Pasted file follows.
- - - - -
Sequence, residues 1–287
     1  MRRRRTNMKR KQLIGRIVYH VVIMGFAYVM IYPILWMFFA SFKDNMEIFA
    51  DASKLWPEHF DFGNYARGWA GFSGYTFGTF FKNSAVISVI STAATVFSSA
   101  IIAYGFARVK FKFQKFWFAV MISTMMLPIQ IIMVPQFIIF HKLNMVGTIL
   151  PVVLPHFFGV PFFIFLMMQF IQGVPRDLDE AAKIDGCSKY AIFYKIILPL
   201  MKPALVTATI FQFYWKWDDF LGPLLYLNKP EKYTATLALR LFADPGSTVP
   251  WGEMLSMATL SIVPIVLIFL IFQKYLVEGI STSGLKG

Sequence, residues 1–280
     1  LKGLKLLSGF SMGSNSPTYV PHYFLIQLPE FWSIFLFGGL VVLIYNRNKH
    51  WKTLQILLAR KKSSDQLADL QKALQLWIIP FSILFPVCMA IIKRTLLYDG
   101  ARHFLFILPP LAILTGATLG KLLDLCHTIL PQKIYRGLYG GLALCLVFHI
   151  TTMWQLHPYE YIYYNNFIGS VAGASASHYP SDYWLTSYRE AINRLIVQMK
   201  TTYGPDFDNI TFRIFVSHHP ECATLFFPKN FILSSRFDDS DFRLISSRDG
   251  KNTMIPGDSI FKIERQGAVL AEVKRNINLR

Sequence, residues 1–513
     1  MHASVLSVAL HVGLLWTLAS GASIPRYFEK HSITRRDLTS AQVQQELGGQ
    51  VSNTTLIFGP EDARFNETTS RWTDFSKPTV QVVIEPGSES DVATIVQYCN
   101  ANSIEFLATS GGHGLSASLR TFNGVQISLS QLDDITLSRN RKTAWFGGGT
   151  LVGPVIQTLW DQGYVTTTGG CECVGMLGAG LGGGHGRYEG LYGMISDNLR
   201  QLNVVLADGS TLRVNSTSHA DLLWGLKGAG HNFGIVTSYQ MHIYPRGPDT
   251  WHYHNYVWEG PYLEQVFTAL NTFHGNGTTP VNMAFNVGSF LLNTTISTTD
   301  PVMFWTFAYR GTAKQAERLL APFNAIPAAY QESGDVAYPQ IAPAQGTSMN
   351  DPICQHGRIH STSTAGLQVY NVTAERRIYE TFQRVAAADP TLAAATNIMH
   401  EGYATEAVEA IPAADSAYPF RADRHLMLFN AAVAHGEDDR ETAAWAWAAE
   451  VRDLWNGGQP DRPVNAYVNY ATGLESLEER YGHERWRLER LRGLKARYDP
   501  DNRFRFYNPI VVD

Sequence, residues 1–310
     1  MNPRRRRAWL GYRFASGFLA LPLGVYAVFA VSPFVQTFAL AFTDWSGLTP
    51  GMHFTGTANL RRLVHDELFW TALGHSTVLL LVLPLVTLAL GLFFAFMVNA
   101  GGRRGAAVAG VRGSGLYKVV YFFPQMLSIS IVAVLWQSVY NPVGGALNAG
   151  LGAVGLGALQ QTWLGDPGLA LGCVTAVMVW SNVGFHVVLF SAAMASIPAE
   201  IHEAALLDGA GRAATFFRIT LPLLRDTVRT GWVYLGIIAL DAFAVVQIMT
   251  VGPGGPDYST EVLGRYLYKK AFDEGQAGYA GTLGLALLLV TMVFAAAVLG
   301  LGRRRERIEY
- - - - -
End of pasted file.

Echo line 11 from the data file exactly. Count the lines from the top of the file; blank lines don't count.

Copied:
   101  ARHFLFILPP LAILTGATLG KLLDLCHTIL PQKIYRGLYG GLALCLVFHI